Contrast this situation, on the other hand, with that which confronts the decipherer at the very beginning of his attempts to solve a problem. Many times the cipher carries with it not even so much as an indication of the particular language in which it is written. Granted, however, that he knows the language, the foundations of any language are so unstable, so variable, and so uncertain, that no absolutely fixed laws can be made to hold. This does not refer to the innumerable variations in inflection, conjugation, etc., with which every language has to contend, but refers particularly to the very roots from which a language springs-the elementary sounds, the elementary syllables, and the words, phrases, and sentences. There is no rule, and there can be no rule, to determine the sequence of sounds-there can be no law which says that sound “ay,” for example, must always be followed by sound “em,” or any other sound. There can be no rule which determines how many letters shall compose a syllable, how many syllables shall constitute a word; nor what words shall follow any given word. Indeed, the characteristics which distinguish a good writer or speaker from a poor one, are exactly those which are concerned with the flexibility with which the former employs and manipulates the words, phrases, and sentences. A single idea may be expressed in a multiplicity of ways, all differing markedly from each other. Furthermore, the nature of the text as a whole varies. For example, scientific text differs materially from literary text or military text.

   All such conditions affect the raw material with which the decipherer must work-the letters themselves. Therefore, only the most generalized rules can ever apply to deciphering operations; and there can only be a few guiding principles, which the decipherer should always be ready to modify…It is the facility and ease with which a decipherer is able to modify his methods and discard his assumptions, which differentiates the good decipherer from the poor one. Deciphering is not a process for a “one-cylinder mind.

    Likewise the part played by imagination and intuition can hardly be overestimated. The knowledge of the circumstances surrounding the interception of a message, of the correspondents etc., furnishes a wide field for the exercise of the intuitive powers; and a shrewd “guess” will often result in more progress than a whole day's painstaking labor. This faculty, so essential in deciphering, can be developed and trained. The exercise of the imaginative powers by attempting to assume whole words, given only two or three letters and their positions, will result in the stimulation of all the faculties concerned in the expression of ideas, will thus enlarge the decipherer’s vocabulary, and otherwise arouse those qualities of mind which are peculiarly needed in cipher work.

Persistency is absolutely necessary for deciphering. Results are often secured only after seemingly endless experiment, and concentrated effort. It may be said that even after one has a thorough grasp of the underlying principles, patience and perseverance are the key-notes to success….

    To summarize then, the qualities upon which success depends in deciphering are interrelated-reasoning from laws must be balanced with facility in modifying those laws; imagination must go hand in hand with discretion; and intuition can never wholly take the place of concentration and perseverance. Finally, let it not be forgotten that many times the greatest ally the mind has is that indefinable, intangible something, which we would forever pursue if could - luck.1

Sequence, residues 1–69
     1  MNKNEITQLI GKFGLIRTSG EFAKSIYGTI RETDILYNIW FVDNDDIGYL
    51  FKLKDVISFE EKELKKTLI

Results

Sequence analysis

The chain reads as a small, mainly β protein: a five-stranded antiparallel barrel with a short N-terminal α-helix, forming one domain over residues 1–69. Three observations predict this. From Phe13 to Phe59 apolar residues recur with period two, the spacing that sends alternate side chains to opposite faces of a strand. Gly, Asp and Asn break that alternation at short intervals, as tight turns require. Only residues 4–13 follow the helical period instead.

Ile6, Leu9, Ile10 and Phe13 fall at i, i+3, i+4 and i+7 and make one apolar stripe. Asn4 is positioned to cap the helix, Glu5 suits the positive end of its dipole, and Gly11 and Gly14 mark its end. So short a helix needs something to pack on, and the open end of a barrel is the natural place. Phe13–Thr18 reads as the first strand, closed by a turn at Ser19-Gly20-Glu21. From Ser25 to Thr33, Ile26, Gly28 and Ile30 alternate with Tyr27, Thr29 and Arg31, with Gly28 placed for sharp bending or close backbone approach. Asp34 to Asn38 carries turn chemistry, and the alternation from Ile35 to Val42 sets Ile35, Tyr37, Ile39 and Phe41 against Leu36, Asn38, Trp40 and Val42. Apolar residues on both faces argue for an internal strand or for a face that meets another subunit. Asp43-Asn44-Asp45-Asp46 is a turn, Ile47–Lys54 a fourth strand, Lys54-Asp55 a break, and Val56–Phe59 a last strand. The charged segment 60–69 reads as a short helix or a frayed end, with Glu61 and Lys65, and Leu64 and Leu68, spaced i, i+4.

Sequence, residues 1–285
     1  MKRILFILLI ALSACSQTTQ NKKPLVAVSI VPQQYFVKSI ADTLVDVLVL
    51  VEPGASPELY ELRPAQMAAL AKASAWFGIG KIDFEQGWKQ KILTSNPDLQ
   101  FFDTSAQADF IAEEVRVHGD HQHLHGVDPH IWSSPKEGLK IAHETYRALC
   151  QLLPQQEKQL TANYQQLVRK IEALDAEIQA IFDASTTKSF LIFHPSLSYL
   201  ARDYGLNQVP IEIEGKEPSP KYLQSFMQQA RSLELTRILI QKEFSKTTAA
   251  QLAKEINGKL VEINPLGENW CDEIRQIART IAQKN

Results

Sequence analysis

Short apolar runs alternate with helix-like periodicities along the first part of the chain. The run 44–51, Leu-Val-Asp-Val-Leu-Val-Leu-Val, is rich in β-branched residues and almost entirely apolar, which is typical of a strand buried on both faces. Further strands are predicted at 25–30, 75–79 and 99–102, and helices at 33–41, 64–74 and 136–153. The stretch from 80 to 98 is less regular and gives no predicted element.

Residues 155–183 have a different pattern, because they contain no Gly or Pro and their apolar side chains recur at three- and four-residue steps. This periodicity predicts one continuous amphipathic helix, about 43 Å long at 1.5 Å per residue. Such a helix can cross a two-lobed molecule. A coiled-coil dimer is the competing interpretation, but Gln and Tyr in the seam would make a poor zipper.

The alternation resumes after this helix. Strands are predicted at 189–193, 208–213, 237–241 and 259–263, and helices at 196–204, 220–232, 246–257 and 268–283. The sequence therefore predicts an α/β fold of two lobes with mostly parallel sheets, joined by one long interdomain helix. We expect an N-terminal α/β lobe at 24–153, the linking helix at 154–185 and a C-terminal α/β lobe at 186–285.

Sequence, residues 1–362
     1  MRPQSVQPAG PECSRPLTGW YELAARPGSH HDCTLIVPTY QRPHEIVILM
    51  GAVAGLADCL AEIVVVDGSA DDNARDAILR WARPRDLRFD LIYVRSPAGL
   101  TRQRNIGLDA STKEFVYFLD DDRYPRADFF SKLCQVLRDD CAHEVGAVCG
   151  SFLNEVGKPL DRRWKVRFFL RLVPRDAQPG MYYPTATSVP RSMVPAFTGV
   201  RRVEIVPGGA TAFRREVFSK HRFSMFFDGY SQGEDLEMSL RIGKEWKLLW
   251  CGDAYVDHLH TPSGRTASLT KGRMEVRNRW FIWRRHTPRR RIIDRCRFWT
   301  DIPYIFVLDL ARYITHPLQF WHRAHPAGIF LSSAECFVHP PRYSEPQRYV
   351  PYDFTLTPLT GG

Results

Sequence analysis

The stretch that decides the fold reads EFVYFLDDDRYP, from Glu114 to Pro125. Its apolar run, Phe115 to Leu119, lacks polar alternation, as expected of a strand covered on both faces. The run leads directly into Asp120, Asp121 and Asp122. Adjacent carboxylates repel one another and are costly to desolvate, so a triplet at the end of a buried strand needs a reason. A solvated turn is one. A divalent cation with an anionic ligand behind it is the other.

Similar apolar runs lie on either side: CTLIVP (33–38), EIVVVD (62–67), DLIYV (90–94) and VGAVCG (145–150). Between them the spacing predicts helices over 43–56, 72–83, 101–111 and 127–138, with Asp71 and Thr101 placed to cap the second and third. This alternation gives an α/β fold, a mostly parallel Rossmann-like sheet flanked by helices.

1. William F. Friedman, An Introduction to Methods for the Solution of Ciphers  (Riverbank Laboratories, Department of Ciphers, Riverbank, Geneva, Illinois, 1918) reprinted in The Riverbank Publications Volume I (Laguna Hills, California: published by Aegean Park Press, 1979), pp. 3-5. 

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10 minutes ago, A Phoenix said:

Contrast this situation, on the other hand, with that which confronts the decipherer at the very beginning of his attempts to solve a problem. Many times the cipher carries with it not even so much as an indication of the particular language in which it is written. Granted, however, that he knows the language, the foundations of any language are so unstable, so variable, and so uncertain, that no absolutely fixed laws can be made to hold. This does not refer to the innumerable variations in inflection, conjugation, etc., with which every language has to contend, but refers particularly to the very roots from which a language springs-the elementary sounds, the elementary syllables, and the words, phrases, and sentences. There is no rule, and there can be no rule, to determine the sequence of sounds-there can be no law which says that sound “ay,” for example, must always be followed by sound “em,” or any other sound. There can be no rule which determines how many letters shall compose a syllable, how many syllables shall constitute a word; nor what words shall follow any given word. Indeed, the characteristics which distinguish a good writer or speaker from a poor one, are exactly those which are concerned with the flexibility with which the former employs and manipulates the words, phrases, and sentences. A single idea may be expressed in a multiplicity of ways, all differing markedly from each other. Furthermore, the nature of the text as a whole varies. For example, scientific text differs materially from literary text or military text.

So what Friedman did not mention is any kind of number clue. 😉

Funny the void is so loud.